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This April fools’ day, learn from the experts

By Philip Carter
As the First of April nears you may be planning the perfect joke, hoax or act of revenge. If so—and if you’re looking for inspiration—may we recommend some of British history’s finest hoaxers, courtesy of the Oxford Dictionary of National Biography. So this year, how about …

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The Oxford DNB at 10: new research opportunities in the humanities

The publication of the Oxford Dictionary of National Biography in September 2004 was a milestone in the history of scholarship, not least for crossing from print to digital publication. Prior to this moment a small army of biographers, myself among them, had worked almost entirely from paper sources, including the stately volumes of the first, Victorian ‘DNB’ and its 20th-century print supplement volumes. But the Oxford DNB of 2004 was conceived from the outset as a database and published online as web pages, not paper pages reproduced in facsimile.

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Celebrating Scotland: St Andrew’s Day

St Andrew, the patron saint of Scotland, is rather a mysterious figure; very little is actually known about his life. Meanwhile, St Andrew’s Day, on 30th November, is well-established and widely celebrated by Scots around the world. The bestselling Oxford Dictionary of Quotations and the Little Oxford Dictionary of Quotations include quotes from a wide-range of people, on an even wider-range of subjects. Here are some contributions from some of Scotland’s most treasured wordsmiths.

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Oh, I say! Brits win Wimbledon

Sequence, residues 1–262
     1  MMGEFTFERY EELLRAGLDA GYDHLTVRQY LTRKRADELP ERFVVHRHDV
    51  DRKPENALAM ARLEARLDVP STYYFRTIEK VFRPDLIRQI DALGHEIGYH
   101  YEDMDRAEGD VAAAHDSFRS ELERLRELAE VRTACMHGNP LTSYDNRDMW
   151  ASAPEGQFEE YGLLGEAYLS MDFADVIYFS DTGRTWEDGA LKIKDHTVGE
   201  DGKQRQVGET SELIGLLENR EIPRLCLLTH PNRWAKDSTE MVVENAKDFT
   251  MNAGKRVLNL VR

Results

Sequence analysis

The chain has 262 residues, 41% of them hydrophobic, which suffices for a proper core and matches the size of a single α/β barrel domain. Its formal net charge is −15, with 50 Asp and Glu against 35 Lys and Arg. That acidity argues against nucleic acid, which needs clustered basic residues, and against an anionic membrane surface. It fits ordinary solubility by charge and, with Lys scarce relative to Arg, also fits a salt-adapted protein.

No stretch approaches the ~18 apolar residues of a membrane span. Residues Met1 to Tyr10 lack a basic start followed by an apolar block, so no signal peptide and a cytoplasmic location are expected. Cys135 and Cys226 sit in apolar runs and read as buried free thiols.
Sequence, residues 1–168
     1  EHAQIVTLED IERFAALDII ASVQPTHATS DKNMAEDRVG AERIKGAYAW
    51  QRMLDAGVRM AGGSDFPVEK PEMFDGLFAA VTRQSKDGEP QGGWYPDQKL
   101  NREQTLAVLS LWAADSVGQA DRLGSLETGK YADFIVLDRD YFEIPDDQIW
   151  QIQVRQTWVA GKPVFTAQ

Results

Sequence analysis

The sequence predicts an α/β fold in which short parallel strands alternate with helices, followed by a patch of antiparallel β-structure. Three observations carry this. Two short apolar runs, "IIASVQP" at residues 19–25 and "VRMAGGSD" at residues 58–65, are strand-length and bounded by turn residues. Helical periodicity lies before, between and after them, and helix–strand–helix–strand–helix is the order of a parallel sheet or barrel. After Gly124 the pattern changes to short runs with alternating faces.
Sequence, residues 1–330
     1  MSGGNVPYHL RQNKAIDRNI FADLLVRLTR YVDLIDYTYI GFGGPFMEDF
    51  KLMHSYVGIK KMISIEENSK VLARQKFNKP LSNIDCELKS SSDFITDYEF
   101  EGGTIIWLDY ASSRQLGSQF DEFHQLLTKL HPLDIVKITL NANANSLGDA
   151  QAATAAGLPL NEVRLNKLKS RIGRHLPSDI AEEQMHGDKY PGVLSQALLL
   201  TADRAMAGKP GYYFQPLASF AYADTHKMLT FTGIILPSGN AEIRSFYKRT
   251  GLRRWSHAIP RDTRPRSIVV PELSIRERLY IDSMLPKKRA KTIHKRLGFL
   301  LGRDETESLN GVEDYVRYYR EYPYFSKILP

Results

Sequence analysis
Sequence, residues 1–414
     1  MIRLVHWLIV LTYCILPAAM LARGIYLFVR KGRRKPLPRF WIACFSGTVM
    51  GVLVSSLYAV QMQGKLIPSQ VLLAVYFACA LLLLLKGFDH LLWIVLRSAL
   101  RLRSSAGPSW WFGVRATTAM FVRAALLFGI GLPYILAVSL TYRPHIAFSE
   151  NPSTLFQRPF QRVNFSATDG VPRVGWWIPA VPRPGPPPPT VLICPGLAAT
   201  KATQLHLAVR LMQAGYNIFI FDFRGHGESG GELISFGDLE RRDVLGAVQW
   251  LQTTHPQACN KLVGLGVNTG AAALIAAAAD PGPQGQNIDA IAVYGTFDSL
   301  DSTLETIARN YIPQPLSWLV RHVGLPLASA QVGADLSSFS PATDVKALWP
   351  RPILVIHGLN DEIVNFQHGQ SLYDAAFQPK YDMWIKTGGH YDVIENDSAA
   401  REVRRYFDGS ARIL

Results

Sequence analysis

By Philip Carter
It’s 1 July 1977: the Jacksons are Number 1 in the UK charts; a pint of beer costs 40 pence, milk per pint is 11p; Elvis has just given what will be his final concert; Virginia Wade becomes the last British player to win the women’s singles tennis championship at Wimbledon. – See more at: http://blog.oup.com/?p=45004&preview=true#sthash.r1cxNYqs.dpuf

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An Oxford Companion to Valentine’s Day

By Daniel Parker
It’s big, it’s red, and it’s here. Valentine’s Day strikes fear into the hearts of men and women around the Western world like nothing else can. But you needn’t run scared of the Hallmark branded teddy bears. Oh no. Follow the sprinkling of rose petals, the sweet aroma of scented candles, and the dulcet tones of Phil Collins up the stairs to the luxury boudoir that is Oxford University Press.

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‘And the Oscar went to …’

In his acceptance speech at the 1981 Oscars (best original screenplay, Chariots of Fire), Colin Welland offered the now famous prediction that ‘The British are coming!’ There have since been some notable British Oscar successes: Jessica Tandy for Driving Miss Daisy (1989); director Anthony Minghella for The English Patient (1996); Helen Mirren (in The Queen, 2006).

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What is marriage?